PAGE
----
Top 5 Christmas adverts for 2018

Argos

The star of Argos’ ad is an annoying little creature which the brand is calling a ‘fool’, which looks a bit like a smaller Dobby, the house elf from Harry Potter. However, unlike Dobby, the fool is rather unpleasant as it embarks upon a mission to ruin Christmas preparations for families however it can. But, never fear; the fool is rounded up with a load of other captured fools by an Argos Fast Track delivery driver who saves the day, would you believe it? It’s funny at times, but the ‘fool’ gives us the heebie-jeebies.

 

Lidl

Similarly to last year, Lidl has returned with three short festive ads, each with the same theme of ‘Upgrade your Christmas’. The message is clear: these holiday revellers should have just updated their Christmas a ‘Lidl bit’ – via the supermarket’s new gin and party food rather than a giant Christmas tree, 16-piece orchestra or imported snow from the Arctic. We like the theme and some of it’s a laugh, but would one longer ad have been better?

Ad collage

 

Boots

The feelings evoked in the brand’s 2018 advert will resonate with mothers and daughters all over as we see a teenage girl and her Mum struggle to just get each other: From Mum disapproving of her daughter’s make-up to the girl sneakily using Mum’s perfume ensuring it actually runs out, it’s all very relatable. Their changeable relationship continues until the daughter is shook to see her mum singing Christmas carols in a choir and that’s where she finally understands her Mum a little more as she realises performing is her passion. We were surprised to see the song take inspiration from Robbie Williams ‘She’s the One’, but it’s kind of cute!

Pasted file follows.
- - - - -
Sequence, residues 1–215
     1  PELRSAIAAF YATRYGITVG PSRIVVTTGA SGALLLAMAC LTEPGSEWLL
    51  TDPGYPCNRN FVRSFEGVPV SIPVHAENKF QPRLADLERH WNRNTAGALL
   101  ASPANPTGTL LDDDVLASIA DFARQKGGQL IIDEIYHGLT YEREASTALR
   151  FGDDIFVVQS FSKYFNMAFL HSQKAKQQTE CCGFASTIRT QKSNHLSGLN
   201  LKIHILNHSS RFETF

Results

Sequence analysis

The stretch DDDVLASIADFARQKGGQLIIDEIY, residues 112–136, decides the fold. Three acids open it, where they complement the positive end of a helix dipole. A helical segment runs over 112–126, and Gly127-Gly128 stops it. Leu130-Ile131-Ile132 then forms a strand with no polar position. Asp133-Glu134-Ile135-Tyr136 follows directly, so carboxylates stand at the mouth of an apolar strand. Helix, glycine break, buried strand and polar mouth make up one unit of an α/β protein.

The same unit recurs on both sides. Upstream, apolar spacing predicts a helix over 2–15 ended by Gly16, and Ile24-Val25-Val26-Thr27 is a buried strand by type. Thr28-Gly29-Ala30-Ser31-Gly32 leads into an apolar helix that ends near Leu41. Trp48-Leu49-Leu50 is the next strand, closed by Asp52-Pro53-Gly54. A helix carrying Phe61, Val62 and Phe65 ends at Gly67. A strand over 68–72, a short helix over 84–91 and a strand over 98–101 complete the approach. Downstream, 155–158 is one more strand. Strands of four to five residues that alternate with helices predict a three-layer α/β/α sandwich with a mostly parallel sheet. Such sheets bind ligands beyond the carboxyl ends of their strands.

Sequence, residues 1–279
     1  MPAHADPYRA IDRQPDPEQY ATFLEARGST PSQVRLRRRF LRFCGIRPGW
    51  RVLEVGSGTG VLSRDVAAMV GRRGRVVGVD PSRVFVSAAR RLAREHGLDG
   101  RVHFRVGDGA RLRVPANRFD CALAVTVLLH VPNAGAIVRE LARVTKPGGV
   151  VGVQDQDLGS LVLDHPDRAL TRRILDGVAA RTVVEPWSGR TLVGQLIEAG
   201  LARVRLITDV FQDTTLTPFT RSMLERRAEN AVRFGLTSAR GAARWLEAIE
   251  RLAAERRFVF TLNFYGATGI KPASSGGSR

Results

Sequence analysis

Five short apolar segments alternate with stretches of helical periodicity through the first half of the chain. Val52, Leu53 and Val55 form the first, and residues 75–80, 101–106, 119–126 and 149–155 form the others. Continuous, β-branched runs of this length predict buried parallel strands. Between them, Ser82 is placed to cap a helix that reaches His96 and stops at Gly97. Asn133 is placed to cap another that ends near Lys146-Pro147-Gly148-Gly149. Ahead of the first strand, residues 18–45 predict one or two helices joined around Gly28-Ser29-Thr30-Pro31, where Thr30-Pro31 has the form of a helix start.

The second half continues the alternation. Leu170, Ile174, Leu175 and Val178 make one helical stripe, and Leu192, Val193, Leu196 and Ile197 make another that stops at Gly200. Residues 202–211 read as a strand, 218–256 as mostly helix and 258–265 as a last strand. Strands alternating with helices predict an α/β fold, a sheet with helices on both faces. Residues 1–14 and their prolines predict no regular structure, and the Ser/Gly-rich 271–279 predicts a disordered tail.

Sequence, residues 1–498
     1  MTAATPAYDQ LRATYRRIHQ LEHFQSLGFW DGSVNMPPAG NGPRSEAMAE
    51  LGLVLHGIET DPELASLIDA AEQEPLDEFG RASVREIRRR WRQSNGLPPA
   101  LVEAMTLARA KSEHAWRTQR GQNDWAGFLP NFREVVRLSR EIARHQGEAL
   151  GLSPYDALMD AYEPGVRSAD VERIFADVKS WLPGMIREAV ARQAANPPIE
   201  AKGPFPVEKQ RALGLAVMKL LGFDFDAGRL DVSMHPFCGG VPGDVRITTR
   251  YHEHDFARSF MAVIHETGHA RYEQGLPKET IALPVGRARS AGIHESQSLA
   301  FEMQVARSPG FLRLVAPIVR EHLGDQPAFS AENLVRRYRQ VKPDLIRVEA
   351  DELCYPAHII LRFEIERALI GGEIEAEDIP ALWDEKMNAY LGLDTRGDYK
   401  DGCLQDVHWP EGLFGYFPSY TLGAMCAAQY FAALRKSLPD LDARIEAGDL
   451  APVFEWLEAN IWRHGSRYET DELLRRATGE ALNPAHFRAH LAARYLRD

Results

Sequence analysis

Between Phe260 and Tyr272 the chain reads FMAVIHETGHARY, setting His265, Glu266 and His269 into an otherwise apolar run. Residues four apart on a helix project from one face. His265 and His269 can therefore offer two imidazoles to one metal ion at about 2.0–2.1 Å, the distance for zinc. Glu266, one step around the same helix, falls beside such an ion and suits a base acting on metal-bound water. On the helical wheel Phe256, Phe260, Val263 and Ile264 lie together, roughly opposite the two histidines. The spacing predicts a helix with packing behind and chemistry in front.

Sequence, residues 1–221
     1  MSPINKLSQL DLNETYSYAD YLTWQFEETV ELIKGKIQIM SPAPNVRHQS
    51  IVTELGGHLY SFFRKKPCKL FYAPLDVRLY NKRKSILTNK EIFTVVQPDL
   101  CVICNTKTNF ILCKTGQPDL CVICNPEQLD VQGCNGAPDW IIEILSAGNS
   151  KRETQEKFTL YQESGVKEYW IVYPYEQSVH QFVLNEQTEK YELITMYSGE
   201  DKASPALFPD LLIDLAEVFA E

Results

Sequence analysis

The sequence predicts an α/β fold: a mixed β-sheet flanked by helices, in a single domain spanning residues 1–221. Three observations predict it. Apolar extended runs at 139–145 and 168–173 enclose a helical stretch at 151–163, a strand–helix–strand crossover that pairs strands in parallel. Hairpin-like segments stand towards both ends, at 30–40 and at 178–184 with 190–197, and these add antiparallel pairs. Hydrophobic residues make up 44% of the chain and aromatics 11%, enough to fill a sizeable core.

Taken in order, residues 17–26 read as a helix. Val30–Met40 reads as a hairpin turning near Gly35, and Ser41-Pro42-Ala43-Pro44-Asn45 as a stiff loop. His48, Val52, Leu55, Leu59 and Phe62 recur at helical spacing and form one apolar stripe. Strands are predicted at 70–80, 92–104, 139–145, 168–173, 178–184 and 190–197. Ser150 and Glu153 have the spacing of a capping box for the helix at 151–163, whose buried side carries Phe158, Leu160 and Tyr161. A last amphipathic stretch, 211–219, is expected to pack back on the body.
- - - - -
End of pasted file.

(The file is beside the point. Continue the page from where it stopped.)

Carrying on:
Asda

Differing to last year’s tale of a girl and her granddad who stumble upon a Christmas factory, it’s a much noisier 2018 offering. Christmas well and truly kicks off with a bang in the ad, when Santa launches a flaming Christmas pudding into the air out of cannon. Next up, there are Santa Clauses on motorbikes, driving yetis, a giant polar bear and plenty of Asda George-wearing Christmas revellers. It’s a fun advert and gets bonus points for using one of the best, and most underrated, festive songs ‘Christmas (Baby Please Come Home)’ by Darlene Love.

 

Tesco

The supermarket’s first Christmas ad offering centres around family, similar to last year, and more specifically around the classic festive debates: Traditional turkey or goose? Go out for a Christmas Day walk or not moving from the sofa all day? Sprouts or nah? Set to an orchestral version of Fleetwood Mac’s ‘Go Your Own Way’, we enjoy the family references we’re all too familiar with – and the music and all that food is making us hungry.

 

Any ideas on planning an engaging 2019 digital ad for your brand or business?

 

Drop us an email at contact@content-45.com as we look forward to helping you achieve creative success and results in seasonal execution.

 

Festive greetings everyone!